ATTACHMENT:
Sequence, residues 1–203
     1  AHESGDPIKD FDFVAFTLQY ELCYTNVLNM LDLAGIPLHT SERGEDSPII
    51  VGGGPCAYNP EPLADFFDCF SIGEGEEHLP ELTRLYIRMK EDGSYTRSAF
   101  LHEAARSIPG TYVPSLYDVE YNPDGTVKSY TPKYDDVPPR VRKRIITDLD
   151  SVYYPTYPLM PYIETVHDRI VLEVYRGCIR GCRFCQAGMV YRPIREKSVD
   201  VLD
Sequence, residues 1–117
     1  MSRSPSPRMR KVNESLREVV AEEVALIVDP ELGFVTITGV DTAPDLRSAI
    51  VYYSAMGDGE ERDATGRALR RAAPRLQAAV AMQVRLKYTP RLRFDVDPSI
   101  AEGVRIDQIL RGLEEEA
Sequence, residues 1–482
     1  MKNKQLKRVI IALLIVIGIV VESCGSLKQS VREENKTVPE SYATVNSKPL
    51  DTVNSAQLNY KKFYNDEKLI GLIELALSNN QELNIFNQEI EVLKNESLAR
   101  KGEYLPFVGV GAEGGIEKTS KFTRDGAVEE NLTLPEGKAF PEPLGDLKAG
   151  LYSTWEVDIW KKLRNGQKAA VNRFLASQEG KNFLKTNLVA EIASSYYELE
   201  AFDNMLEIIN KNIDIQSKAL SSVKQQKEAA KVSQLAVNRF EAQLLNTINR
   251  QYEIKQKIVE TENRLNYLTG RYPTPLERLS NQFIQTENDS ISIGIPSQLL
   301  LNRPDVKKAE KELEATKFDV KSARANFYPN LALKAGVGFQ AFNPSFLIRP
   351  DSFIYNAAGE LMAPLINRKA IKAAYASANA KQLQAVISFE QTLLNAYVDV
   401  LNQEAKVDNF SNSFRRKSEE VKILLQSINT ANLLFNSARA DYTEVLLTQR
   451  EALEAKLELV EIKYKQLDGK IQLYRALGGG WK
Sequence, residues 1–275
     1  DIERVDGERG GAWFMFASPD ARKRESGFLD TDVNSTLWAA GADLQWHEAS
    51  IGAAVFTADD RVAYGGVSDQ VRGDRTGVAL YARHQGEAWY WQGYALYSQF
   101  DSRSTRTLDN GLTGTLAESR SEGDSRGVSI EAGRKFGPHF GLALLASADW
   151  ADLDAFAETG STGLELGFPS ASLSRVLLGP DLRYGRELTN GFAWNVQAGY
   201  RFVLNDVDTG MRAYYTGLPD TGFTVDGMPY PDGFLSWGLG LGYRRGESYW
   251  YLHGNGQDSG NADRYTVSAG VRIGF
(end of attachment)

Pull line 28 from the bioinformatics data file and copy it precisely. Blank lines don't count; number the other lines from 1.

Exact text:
   251  YLHGNGQDSG NADRYTVSAG VRIGF